Confession: I own more white pearl necklaces than my grandmothers, great-grandmothers, and great-great-grandmothers combined. The difference is mine are all chintzy plastic ones and I am always on the lookout for more. I call it "pearl power" because you can’t fathom the ability of a shiny pearl bead to persuade a fish to open up its mouth and suck it in.
As a kid back in the late 1960s and 70s—the herring heydays on Lake Simcoe—it was common in the wintertime to walk out from Lefroy, onto Cook’s Bay and catch 100 fish a day. We carefully released the vast majority of those 12- to 14-inch herring, but most days we also kept a dozen or so for a fabulous Jamaican fish dish called Escovitch, that my buddy Bob Chang was famous for cooking.
And truth be told, we caught every one of those herring by jigging a small, compact shiny spoon onto which we had glued a single white pearl bead to the bottom of the treble hook. When we decided to get really sophisticated, we’d remove the treble from the O-ring, add a 6-inch monofilament dropper line and then tie the pearl-adorned hook onto the end. I have never seen another lure attract and trigger more fish to bite.
And remember, this was back on the good old days before sonar—the real BS days—when we were fishing blind. I simply can’t imagine how many herring some days were swimming below our holes, streaking in and out like fighter jets, competing with one another to eat our beads.
That lesson hasn’t been lost all these years later when I am ice fishing on a Sunset Country lake using a Diamond Willows Custom beaded lure or Freedom Tackle Minnow. These are only slightly more sophisticated baits than the ones we were using way back on Simcoe in the 70s, with a colourful bead adorning the hook.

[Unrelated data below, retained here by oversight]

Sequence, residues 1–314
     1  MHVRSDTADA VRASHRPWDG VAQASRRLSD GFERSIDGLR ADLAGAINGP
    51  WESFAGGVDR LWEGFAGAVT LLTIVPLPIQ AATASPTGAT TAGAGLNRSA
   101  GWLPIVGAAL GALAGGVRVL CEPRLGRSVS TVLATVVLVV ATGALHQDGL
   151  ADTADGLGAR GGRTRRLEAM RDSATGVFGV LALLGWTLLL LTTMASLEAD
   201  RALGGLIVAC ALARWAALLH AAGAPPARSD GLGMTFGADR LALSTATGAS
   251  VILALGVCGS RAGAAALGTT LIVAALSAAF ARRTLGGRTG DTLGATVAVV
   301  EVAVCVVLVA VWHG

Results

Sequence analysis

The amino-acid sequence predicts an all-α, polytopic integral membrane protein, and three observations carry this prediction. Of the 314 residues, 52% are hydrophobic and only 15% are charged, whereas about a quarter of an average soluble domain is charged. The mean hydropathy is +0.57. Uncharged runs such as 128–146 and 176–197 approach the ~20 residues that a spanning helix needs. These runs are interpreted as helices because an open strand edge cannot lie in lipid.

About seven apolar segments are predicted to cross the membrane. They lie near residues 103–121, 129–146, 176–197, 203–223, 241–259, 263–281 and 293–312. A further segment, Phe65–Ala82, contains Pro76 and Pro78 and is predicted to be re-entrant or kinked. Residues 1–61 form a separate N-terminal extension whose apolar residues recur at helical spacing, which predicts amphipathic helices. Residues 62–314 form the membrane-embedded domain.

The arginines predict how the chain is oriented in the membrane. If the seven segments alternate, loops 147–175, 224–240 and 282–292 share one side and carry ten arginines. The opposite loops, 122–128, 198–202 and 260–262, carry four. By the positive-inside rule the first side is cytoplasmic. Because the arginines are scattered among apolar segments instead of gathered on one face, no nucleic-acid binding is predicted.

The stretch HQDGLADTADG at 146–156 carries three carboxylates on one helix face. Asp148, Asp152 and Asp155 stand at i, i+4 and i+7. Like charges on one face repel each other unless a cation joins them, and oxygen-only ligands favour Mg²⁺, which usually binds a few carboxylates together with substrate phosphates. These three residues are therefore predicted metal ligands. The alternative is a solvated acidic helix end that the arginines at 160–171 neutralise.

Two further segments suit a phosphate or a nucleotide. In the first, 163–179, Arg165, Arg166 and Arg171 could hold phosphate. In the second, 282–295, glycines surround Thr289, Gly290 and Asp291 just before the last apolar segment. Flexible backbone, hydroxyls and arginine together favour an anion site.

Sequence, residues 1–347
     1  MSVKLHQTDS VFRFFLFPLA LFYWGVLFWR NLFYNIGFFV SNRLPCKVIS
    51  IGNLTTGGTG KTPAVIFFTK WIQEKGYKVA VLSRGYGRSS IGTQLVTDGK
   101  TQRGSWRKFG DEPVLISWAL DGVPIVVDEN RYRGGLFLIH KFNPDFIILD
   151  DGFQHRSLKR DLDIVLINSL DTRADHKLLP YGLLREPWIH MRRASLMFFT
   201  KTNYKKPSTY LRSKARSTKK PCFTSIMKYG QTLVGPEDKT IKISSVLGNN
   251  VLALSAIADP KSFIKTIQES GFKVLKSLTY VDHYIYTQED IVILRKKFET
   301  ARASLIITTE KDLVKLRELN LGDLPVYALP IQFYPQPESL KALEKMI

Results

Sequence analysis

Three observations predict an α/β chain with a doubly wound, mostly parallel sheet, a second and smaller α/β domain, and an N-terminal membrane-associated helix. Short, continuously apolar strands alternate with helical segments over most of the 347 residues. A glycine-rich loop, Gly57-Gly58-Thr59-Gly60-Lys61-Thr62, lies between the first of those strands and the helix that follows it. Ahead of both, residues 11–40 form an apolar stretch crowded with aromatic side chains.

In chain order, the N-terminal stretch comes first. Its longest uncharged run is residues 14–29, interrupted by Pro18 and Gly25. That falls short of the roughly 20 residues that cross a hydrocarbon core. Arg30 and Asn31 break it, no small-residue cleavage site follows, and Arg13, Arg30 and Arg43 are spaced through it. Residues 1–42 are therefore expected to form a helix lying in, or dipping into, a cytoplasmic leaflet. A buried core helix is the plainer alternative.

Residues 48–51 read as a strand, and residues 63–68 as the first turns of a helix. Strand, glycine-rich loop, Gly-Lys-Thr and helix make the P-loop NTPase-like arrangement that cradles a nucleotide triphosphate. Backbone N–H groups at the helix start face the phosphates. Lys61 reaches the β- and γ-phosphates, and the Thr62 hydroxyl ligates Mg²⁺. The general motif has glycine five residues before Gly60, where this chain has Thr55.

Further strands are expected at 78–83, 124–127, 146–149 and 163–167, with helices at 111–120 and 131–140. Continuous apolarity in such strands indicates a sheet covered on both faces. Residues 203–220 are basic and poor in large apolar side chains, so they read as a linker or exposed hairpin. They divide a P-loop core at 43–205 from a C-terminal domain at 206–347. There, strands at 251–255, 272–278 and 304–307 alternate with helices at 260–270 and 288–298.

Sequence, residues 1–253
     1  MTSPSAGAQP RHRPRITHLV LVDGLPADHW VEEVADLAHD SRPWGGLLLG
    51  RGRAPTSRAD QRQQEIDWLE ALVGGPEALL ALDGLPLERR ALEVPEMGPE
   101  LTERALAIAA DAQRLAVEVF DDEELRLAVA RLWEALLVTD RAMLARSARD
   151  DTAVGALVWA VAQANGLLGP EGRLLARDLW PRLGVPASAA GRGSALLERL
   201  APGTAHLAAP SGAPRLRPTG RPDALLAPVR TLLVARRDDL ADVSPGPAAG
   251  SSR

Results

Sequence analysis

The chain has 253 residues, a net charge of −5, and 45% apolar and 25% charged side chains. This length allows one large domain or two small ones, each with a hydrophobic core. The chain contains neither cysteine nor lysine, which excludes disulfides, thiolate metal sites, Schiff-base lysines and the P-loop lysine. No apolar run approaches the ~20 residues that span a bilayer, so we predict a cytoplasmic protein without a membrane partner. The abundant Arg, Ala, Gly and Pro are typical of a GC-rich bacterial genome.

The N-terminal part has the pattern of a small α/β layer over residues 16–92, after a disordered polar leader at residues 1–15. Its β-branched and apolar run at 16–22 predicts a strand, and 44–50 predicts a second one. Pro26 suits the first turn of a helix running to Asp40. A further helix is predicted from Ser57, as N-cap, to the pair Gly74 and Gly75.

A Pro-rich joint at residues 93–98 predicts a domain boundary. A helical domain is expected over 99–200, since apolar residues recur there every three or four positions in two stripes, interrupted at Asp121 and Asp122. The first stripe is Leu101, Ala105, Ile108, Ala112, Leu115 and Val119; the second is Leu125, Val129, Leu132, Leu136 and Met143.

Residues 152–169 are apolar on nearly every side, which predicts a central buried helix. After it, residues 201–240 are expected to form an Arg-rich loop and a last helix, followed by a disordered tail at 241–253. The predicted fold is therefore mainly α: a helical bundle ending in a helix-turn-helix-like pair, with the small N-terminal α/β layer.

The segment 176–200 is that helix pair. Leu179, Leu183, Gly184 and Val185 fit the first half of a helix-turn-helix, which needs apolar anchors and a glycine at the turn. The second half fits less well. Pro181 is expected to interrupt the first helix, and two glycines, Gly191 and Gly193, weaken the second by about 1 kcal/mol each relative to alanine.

That is a critical feature, too, because the appeal of these lures is a bright shiny metal surface that wiggles and wreathes and wobbles and reflects light when you jig it up and down to attract the fish, but then when you see them show up on your sonar screen, you can stop the frantic action, shiver the lure subtly and watch the fish devour the bead.
Understand what I am saying? The metal part of the lure is really nothing more than the delivery agent for the bead. In fact, I have watched on my underwater camera as speckled trout, rainbow trout, yellow perch, crappies, herring, whitefish and even walleyes have rushed in quickly under the ice and inspected the lure, only to lower their gaze and focus squarely on the bead, before they opened their mouths and ate it. They were so mesmerized by the pearl that they missed seeing the three sharp hooks that surrounded it.
It was the same again, just the other day, when I greeted the new ice fishing season by walking along the shore of one of the thousands of small trout lakes that the Ontario Ministry of Natural Resources stocks every year with speckled trout, rainbow trout, and splake. Because they’re relatively small and shallow, they tend to be among the first to freeze solidly and that was the case when I punched through five inches of crystal clear black ice. Because it was the perfect amount — not too thick and not too thin — I was able to widen my holes enough to watch my gold-coloured (W20) Williams Wabler spoon as I jigged it nine feet down near the bottom.
But I also had cheated by dressing each of the three hook points with a bright red Pautzke Balls of Fire salmon egg. Within twenty minutes, I noticed a shadow cover the spoon—like a fast eclipsing moon—so I stopped jigging and shook the spoon ever so slightly so that only the hook and eggs rocked back and forth. Then I watched the gorgeous 15-inch speckled trout open its mouth and wolf down dinner.
And that is the way it continued for the rest of the day—as it will for the rest of the winter—when you put your trust in the power of beads.